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What is the effect of the Lorentz force on the electron in a metal?

     The electrons in a metal which are responsible for it being a metal are electrons which are free in the sense that they are not attached to the atoms in the metal but are not free in the sense that they are constrained to move in the metal.

     If we now cause these conducting electrons to move (that is to say, cause a current to flow in a thin wire), and then place the wire in a magnetic field, the moving electrons experience a force but cannot move under the influence of the force because they are constrained by the wire. It is therefore the wire itself that experiences the force. The magnitude of this force is the sum of the Lorentz forces on each of the electrons in the wire. If we consider a length L of the wire that contains N electrons which are moving with an average drift velocity v, then the total force is:

The total force on a thin wire

     Where e is the electronic charge.

The total force on a thin wire

IMAGE - The force on a current carrying wire.

A wire of length L has a total number of electrons N. The value L/v will equal the number of seconds it takes for N electrons to pass a point on the wire. Therefore, the current is equal to Nv/L.

     But the current I is the total charge passing a point in unit time and can be expressed as:

Expression for the current I

     Which gives a total force of:

The total force on a thin wire

     If we now use another, straight. parallel wire to establish the magnetic field in which our wire above is placed we see that if the currents in the two wires flow in the same direction there is an attractive force between the wires, but if the current directions are opposite the force is repulsive. Because such forces can be absolutely measured, it was this effect (i.e. the force per unit length of wire) that was used to define the ampere in the SI system of units.

The attraction of two current carrying wires - leads to the definition of the ampere

IMAGE - The attraction of two current carrying wires.

If the currents are travelling in the same direction, there will be a mutual attraction. This is how the SI unit Ampere is defined.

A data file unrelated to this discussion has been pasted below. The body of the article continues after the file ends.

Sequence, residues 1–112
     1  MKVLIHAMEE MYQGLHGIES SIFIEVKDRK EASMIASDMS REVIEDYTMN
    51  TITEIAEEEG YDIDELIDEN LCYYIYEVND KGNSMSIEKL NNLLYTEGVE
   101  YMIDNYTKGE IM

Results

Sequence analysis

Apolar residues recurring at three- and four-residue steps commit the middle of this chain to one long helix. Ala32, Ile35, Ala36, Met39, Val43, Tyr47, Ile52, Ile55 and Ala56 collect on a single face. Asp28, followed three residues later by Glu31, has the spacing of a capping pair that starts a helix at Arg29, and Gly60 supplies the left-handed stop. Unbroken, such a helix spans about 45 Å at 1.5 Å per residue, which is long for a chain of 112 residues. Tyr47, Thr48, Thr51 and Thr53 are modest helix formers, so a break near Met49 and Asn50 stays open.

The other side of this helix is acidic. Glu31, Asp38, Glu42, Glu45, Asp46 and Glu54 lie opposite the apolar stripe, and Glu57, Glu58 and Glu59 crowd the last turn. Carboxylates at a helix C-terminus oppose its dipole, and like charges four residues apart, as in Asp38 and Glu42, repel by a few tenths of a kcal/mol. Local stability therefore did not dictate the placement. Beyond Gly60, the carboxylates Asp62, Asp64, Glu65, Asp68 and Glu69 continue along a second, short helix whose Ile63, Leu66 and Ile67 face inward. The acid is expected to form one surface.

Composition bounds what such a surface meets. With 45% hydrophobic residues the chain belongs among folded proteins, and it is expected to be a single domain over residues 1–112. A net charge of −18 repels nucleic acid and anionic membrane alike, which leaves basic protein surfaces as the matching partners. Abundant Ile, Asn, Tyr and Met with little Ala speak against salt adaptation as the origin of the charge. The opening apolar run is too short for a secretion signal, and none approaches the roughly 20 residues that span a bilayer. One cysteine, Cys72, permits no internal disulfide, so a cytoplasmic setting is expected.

If we now form the two wires into a circular loop, it follows that there is a force on the loop to make the loop smaller. The loop has a magnetic field associated with it and therefore a magnetic moment. Hence when we place that current carrying loop in another magnetic field it experiences a torque in just the same way as we discussed previously.

     This is the electric coil for which there are applications in our everyday lives which are almost too numerous to count.

What is the Hall effect?

     If we allow our single straight wire that we talked about earlier to have some width, then this allows a (transverse) direction perpendicular to the current flow for the electrons to drift to when we place the device in a magnetic field. Since the circuit in this transverse direction is not complete there is a build up of charge and hence a steady voltage (the Hall voltage) is established which prevents any further drifting in this direction. This is known as the Hall Effect. The Hall voltage can be detected and measured.

The Hall Effect

IMAGE - The Hall effect.

In this diagram J is the current, B the magnetic field and F is the force. The electrons feel a force upwards which leads to the charge being separated along the wire.

     There are many applications of the Hall effect . On XMM Hall devices are used as monitors to detect that the aperture door is either fully open or fully closed. This is accomplished by placing a small permanent magnet on the door arm such that either in the fully closed or fully opened position the magnet is in the proximity of one of two Hall devices. A circuit which checks whether the Hall voltage is above or below a given threshold thus detects the presence of the magnet and hence informs us as to where the door arm is.

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The University of Birmingham 

Physics and Astronomy Department, The University of Birmingham